The History of Niseishi
The kata’s origin is thought to be Chinese. It was most likely brought to Okinawa by Seisho Arakaki (1840-1918). He also went by the name Arakaki Kamadeunchu. Arakaki was an official of the royal court in Okinawa and travelled to China to act as an interpreter in 1870. He learnt the katas Niseishi, Seisan and Sanseiru from his teacher, the warrior, Wai Shinzan. These kata were all practiced at the Southern Shaolin Temple. He later added the ‘harder’ karate aspects to these Chinese kata and taught them in Okinawa in the Naha district.
Arakaki was considered to be a rather reclusive character and did not develop his own style of karate. However he taught many of the great masters including: Kenwa Mabuni, the founder of Shito Ryu; Tsuyoshi Chitose, the founder of Chito-Ryu; Gichin Funakoshi of Shotokan, and Kanken Toyama of the Shudokan school. This probably explains why the kata Niseishi is practiced so widely.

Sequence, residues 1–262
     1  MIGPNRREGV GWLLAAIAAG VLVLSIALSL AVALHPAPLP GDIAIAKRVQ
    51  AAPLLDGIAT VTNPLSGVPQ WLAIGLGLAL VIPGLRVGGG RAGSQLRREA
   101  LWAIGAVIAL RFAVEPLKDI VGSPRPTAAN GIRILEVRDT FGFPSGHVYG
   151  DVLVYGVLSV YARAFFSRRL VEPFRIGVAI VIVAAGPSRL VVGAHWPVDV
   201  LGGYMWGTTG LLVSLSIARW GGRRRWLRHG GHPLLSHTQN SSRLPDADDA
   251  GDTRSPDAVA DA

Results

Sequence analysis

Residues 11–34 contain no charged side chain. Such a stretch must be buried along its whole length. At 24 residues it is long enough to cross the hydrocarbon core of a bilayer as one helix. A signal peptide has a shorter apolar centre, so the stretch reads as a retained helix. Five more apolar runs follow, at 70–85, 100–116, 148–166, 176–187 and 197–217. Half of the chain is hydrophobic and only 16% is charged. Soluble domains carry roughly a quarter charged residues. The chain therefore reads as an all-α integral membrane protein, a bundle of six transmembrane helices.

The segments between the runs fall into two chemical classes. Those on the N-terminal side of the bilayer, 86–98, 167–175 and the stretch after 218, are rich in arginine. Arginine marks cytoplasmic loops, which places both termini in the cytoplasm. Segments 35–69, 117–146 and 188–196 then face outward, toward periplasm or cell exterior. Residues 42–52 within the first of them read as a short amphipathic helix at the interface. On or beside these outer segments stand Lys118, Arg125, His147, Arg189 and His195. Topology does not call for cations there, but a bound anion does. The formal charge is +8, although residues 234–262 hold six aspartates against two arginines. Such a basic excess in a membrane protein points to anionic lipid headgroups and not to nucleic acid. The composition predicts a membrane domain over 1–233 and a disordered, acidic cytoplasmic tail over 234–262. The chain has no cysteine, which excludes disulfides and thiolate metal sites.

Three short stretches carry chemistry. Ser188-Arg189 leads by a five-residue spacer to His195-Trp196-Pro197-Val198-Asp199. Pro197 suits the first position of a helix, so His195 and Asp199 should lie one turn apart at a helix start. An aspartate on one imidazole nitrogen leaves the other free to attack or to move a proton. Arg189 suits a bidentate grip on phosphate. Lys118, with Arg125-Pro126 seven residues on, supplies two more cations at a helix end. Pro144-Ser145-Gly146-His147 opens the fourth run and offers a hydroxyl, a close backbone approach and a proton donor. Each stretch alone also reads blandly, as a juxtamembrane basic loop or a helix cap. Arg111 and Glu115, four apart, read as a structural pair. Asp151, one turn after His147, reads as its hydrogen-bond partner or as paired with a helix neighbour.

Niseishi is thought to originate from one of the Chinese “Dragon” styles. This kata requires you to move and defend from many angles. It contains both circular and linear techniques and requires good balance and coordination. This kata contains sudden contrasts between very slow movements, and explosions of power, giving the kata a distinctive rhythm. It has been likened to the ‘ebb and flow of the ocean crashing on a beach’. Alternating fast and slow movements teaches the karateka to develop his ability to shift from relaxation to tension, which requires great control of the body and its muscles.